See-I Rocks the Boat on Saturday |

See-I Rocks the Boat on Saturday

Nicole Inglis

Zeebo and Rootz Steele, of Washington, D.C., front the See-I reggae dub outfit, which shares several members with the world DJ duo Thievery Corporation. The band plays a free show at 3 p.m. Saturday at the base of Steamboat Ski Area.

— At age 10, a tough little Zeebo Steele would go to the nearest clubs and ask the owners if they would give him one free beer.

One beer, and Zeebo would break dance all night.

Growing up with six siblings and no TV in Washington, D.C., meant he had to find ways to entertain himself, he said.

Music was ingrained in his soul from the beginning.

"When you learn how to dance, you can't dance off the beat. You and the music is one," he said in an interview with Explore Steamboat on Tuesday.

He had a choir leader for a mother and built-in talent, but it was a long road before Zeebo and his brother Rootz began their live reggae band, See-I, in the late 1980s.

Recommended Stories For You

On Saturday, the Steeles and their eight-piece band will perform in Steamboat Springs as part of the Bud Light Rocks the Boat free concert series.

The show starts at 3 p.m. on the new permanent stage at the base of Steamboat Ski Area.

"We're looking forward to playing Steamboat," Zeebo said. "Colorado is like my second home. For me, I've been there so many times, and I know so many people, I feel really comfortable. I feel really laid back there."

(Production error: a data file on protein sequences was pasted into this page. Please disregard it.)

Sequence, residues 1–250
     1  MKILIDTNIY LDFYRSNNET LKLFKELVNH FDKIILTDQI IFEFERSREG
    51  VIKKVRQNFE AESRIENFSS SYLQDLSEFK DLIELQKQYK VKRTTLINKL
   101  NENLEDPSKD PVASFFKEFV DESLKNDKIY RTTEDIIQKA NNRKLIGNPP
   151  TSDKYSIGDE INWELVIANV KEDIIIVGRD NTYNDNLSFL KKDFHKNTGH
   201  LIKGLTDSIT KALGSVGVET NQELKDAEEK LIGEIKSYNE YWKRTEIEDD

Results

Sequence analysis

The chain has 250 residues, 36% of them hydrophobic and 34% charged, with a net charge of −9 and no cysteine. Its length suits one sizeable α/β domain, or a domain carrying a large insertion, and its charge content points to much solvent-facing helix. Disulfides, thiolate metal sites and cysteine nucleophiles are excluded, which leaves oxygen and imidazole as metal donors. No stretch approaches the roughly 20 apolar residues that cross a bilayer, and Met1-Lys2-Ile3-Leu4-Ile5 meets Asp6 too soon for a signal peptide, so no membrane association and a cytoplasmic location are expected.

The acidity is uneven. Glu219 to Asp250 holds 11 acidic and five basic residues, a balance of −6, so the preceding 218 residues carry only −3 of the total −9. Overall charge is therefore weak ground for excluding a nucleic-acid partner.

Zeebo also plays and tours with the world dub DJ duo Thievery Corporation, whose large live collective shares several members with See-I.

But See-I started years before Thievery hit the D.C. music scene, and the story begins with two very different brothers.

"Rootz was the president of his class," Zeebo said. "I wasn't gonna be president of my class."

He said he was the kid who was selling drugs. "That's not the guy who you want to be class president," he said.

He knows his life could have taken a direction different from what it did. He could have kept selling drugs, but now, he sells his music.

The past "is a part of me in the sense that I own my own business," he said. "But what I do now is legal; I can sell my music to anyone."

The pair ended up in college in North Carolina, where, at a summer camp for troubled children, they began playing music for the campers.

"Me and my brother had the same dream, and it's about See-I," he said. "The reason the group has lasted so long is because I had a dream and he had a dream. That became to both of us like a mission."

He said he calls the bars where he regularly plays in D.C. shrines because of his devotion to writing and performing music.

The outcome of that devotion is a diverse blend of reggae, combining a hard rock and hip-hop edge with sunny horns and laid-back dub beats.

The message, he said, is one of self-reflection.

"It's to question things in life and come up with your own reality," he said. "Some people tell you, 'face reality.' I used to look at life that way, but since I've been doing music, I've been creating my own reality."

To reach Nicole Inglis, call 970-871-4204 or email

Go back to article